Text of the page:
As the Bibliography makes clear, the recent past has seen a range of scholars, artists, and journalists turn to the topic of urban noise. The New York Times has covered the subject extensively and numerous books have appeared in just the past few years. In 2011, the Guggenheim Museum commissioned a series of works under the rubric of "stillspotting ( ) NYC," dedicated to the exploration of noise and its corollary, quietude, in all five city Boroughs.
Why do we now once again find noise so compelling? It is not evident that the city has recently become noisier, indeed, most of the physical sounds of which we complain today have been around at least since the 1920s. And we now tune out many of those unwanted sounds by stopping our ears with the earbuds of our iPods and cell phones, replacing the noise of the city with a personal soundtrack that follows us wherever we go. The solution offered by these digital devices, however, may also offer a clue to the problem, for it may be that such digital noise is what truly threatens to overwhelm us today. We are increasingly inundated by an onslaught of signals competing for our attention, an on-line cacophony of inbox alerts, Twitter feeds, Facebook updates, and cell phone ringtones demanding our attention. David Foster Wallace called it Total Noise, the "tsunami" of information that constantly challenges our human capacity to focus. 2David Foster Wallace, "Introduction,"
The Best American Essays 2007 (Houghton Mifflin), p. xx.
Perhaps from the vantage of our informationally-saturated, socially-networked, virtually-enacted, and earbud-insulated early twenty-first-century lives, there is a curious kind of nostalgia at work, a complicated longing for the old-fashioned problem of physical sounds. Since the word "nostalgia," like "homesickness," evokes pain alongside its yearning for a more familiar past, this supposition does acknowledge the very real distress suffered by individuals today who continue to be plagued by unwanted sounds. But historians strive to understand cultures as well as individuals, and historians of noise must seek to understand why noise as a cultural problem resonates more strongly at some times than others. In the 1920s, noise was part of a production-oriented society permeated by new mechanical machines whose sonic output threatened to undermine their sought-for productivity. In the 1970s, noise was reformulated as an environmental threat, a form of pollution like litter or toxic chemicals that suffused and threatened a culture now defined more by its habits of consumption than production. Within the digitally-defined contours of the early twenty-first century, our own quest may ultimately be more for quietude than quiet, a state of repose that not only calms but also reconnects us with the materiality and locality of our lives, the rich world of people and things that only exist off-line.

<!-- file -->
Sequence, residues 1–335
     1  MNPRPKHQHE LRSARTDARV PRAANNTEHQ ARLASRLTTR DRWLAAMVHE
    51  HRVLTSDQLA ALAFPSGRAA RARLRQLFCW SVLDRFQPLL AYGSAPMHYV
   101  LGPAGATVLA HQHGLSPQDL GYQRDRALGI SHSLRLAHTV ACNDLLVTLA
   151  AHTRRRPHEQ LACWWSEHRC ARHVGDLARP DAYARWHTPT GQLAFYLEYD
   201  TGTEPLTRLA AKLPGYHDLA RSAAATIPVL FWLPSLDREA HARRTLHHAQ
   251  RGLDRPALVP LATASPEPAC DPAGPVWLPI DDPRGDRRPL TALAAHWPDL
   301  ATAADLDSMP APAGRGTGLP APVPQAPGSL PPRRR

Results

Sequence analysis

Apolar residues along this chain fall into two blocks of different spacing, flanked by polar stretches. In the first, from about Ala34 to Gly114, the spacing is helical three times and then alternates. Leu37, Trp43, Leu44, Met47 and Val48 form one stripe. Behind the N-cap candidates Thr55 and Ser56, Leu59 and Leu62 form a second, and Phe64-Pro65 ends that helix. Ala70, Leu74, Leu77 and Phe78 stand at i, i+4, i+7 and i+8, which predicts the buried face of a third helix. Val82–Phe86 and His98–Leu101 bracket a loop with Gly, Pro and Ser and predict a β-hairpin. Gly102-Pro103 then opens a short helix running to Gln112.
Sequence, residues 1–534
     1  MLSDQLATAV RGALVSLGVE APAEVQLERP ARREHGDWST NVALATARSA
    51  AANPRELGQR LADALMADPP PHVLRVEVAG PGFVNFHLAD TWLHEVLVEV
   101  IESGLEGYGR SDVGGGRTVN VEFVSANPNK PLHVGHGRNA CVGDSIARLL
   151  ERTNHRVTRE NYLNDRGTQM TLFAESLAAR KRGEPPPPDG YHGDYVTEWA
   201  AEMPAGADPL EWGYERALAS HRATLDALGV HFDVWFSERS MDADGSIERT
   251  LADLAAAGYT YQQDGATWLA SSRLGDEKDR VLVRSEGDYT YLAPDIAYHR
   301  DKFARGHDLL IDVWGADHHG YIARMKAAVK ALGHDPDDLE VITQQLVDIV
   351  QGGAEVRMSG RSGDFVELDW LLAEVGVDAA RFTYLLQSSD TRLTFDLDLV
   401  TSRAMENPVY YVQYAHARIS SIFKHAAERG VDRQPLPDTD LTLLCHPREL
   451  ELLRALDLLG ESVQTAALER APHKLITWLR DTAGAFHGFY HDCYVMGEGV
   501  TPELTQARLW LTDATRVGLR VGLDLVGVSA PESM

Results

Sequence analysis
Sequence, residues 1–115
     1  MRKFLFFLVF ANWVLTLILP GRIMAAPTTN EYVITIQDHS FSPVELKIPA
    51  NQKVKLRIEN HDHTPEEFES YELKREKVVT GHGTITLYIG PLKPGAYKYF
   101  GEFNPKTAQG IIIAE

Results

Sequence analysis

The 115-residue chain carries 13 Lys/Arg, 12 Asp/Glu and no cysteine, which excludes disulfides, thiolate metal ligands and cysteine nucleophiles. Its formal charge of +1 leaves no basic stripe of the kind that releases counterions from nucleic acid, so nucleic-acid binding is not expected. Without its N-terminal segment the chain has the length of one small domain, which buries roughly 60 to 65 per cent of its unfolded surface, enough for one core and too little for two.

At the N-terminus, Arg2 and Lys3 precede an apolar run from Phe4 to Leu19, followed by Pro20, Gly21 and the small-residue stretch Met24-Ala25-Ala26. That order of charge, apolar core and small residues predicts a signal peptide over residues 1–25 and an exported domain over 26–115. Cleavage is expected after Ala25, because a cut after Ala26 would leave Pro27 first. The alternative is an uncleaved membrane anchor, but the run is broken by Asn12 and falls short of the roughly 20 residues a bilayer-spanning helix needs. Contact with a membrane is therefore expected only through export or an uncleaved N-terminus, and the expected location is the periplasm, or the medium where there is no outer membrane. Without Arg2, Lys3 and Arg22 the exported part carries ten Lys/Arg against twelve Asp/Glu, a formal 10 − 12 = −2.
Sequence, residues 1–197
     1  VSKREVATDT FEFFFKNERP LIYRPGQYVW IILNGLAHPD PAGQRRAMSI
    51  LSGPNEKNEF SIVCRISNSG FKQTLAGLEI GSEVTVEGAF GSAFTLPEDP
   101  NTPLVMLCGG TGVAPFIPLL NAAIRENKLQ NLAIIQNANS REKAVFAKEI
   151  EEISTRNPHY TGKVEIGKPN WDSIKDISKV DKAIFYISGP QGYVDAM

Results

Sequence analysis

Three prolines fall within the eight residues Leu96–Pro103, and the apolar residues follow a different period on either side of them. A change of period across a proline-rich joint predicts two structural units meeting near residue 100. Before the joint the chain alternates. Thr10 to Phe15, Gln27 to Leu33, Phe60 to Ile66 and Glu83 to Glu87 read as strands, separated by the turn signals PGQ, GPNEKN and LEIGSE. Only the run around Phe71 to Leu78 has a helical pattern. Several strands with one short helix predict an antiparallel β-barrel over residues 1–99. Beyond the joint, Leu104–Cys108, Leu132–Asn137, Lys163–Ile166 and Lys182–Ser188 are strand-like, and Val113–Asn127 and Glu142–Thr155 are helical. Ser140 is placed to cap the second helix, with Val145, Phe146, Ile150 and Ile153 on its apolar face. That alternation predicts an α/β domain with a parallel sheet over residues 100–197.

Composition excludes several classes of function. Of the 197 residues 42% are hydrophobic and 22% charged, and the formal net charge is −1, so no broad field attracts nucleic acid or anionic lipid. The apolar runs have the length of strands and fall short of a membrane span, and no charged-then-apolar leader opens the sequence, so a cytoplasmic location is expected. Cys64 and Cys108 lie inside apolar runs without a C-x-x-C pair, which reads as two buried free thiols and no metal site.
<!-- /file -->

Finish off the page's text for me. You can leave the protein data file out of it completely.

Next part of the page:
If we are seeking solidity as well as the solitude of high ground in the face of that digital tsunami, then this website offers no solution, indeed, it only contributes to our problem by adding a few more megabytes of content to the assault. But perhaps on a more fundamental level it may suggest a solution, a lesson to be learned from the past.
While the newsreel footage on this website has been compiled because it documents the kinds of sounds that many people complained of during the 1920s, very few of the film clips presented here explicitly document noise. The vast majority of newsreels instead simply show New Yorkers living their lives, at work and at play amidst the rich cacophony of city life that surrounds them. While those who wrote the letters complained of the sounds documented here, the people captured on camera more typically seem undaunted, taking pride in their noisy labor and engaging directly with friends and strangers, seemingly drawing strength from the dynamic material world that constituted their home. Perhaps there is something to be gained by attempting to imagine away our digital lives and to conjure up a time and place so different from our own. By understanding how a past generation struggled against a physical adversary yet still thrived within the challenges posed by their environment, we may be emboldened to find a way to master the noise in our own lives.